TLC Book Tours sent me a copy of this book and they have a whole list of folks reviewing this book and sharing it with readers.  No spit up on my shoulder any more, been there – done that, and still a good read and remembering making those career choices; I did not have that much humor in those days!

“Elizabeth LaBan lives in Philadelphia with her restaurant critic husband and two children.  She is also the author of The Tragedy Paper, which has been translated into eleven languages, and The Grandparents Handbook, which has been translated into seven languages.”  (Cover)

Elizabeth-LaBanElizabeth LaBan Facebook

Related
Language Arts
Water On The Moon
Dog Crazy

THE LANGUAGE OF HOOFBEATS: a Novel ~Catherine Ryan Hyde

Tuesday, December 2nd, 2014

“And that, I realized, is the worst price we pay for living in a dearth of true communication.  We go through our whole lives thinking it’s only us.  And that has to be the deepest, most bone-chilling definition of the word ‘alone’.  You can have a crowd around you, a circus, but they can’t spare you from that brand of loneliness.” (from location 92%)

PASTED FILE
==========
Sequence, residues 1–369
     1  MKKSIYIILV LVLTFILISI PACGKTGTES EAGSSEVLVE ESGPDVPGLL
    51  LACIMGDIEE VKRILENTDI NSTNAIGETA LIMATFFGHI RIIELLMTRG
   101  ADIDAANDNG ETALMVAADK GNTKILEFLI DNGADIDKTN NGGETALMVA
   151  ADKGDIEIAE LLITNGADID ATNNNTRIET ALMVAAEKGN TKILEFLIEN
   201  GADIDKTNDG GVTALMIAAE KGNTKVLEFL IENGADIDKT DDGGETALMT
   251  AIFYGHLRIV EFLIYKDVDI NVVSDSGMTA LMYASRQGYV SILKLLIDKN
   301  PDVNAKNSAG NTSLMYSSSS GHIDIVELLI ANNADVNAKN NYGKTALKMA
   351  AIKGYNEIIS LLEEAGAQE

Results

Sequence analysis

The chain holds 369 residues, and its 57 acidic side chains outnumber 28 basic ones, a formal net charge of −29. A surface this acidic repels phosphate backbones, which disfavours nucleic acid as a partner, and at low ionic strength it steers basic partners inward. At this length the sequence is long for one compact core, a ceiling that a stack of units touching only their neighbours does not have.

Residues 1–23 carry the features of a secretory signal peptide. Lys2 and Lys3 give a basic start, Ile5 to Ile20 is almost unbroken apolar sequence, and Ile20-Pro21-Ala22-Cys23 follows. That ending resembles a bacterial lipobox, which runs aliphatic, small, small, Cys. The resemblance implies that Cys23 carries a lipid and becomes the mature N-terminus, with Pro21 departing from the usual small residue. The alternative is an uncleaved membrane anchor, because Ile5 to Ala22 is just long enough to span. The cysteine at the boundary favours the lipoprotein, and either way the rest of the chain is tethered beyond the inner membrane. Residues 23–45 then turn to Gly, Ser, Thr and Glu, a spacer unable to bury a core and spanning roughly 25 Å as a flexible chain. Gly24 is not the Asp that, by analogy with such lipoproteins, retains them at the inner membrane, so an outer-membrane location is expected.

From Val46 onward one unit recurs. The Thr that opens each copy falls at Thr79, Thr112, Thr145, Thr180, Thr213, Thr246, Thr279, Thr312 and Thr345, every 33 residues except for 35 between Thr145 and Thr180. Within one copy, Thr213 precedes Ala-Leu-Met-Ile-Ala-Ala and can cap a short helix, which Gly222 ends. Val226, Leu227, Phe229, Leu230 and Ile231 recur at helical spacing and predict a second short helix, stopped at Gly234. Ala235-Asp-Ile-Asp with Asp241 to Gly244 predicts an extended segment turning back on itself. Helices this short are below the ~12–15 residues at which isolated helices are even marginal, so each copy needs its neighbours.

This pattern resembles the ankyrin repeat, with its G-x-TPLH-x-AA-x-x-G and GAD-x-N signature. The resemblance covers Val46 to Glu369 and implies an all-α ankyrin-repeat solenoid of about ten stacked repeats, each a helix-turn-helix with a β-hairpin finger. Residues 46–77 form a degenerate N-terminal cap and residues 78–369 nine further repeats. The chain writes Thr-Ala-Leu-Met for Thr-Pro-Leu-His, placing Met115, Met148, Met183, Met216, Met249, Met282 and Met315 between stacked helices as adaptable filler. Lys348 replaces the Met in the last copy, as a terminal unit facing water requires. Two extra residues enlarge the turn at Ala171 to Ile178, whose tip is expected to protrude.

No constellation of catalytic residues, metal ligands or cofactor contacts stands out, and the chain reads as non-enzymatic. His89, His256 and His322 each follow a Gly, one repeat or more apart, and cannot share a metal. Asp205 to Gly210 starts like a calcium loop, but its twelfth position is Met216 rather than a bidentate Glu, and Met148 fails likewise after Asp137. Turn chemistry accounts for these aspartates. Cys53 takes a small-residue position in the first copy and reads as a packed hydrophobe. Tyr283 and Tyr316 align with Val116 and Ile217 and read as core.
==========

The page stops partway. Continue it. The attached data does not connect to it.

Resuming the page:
From Amazon the story description:

“From the bestselling author of Pay It Forward comes a story of the heartbreak and healing power of family. New to a small town, Jackie and Paula envision a quiet life for their kids: a young adopted son and two teenage foster children, including the troubled Star. However, they quickly butt heads with their neighbor, Clementine, who disapproves of their lifestyle and is incensed when Star befriends her spirited horse, Comet. Haunted by past tragedy and unable to properly care for Comet, Clem nevertheless resents the bond Star soon shares with the horse. When Star disappears with Comet, the neighbors are thrown together—far too close together. But as the search for the pair wears on, both families must learn to put aside their animosity and confront the choices they’ve made and the scars they carry. Plumbing the depths of regret and forgiveness, The Language of Hoofbeats explores the strange alchemy that transforms a group of people into a family.“

This is one of the nicest stories of family bonding I think I have ever read.  I believe readers from middle school to 100 would enjoy this story.  For me it has a special appeal of an adoptive/fostering family finding their connections and working through the hard stuff – finally together.  The ending was not as comfortable as one would imagine in a traditional story, and yet it was finding a happiness which shined forth. I liked how the difficult neighbor assisted everyone in finding their own voice and not being afraid to say, “I don’t like this.”  Lots of learning to problem solve and communication happening in the LANGUAGE OF HOOFBEATS.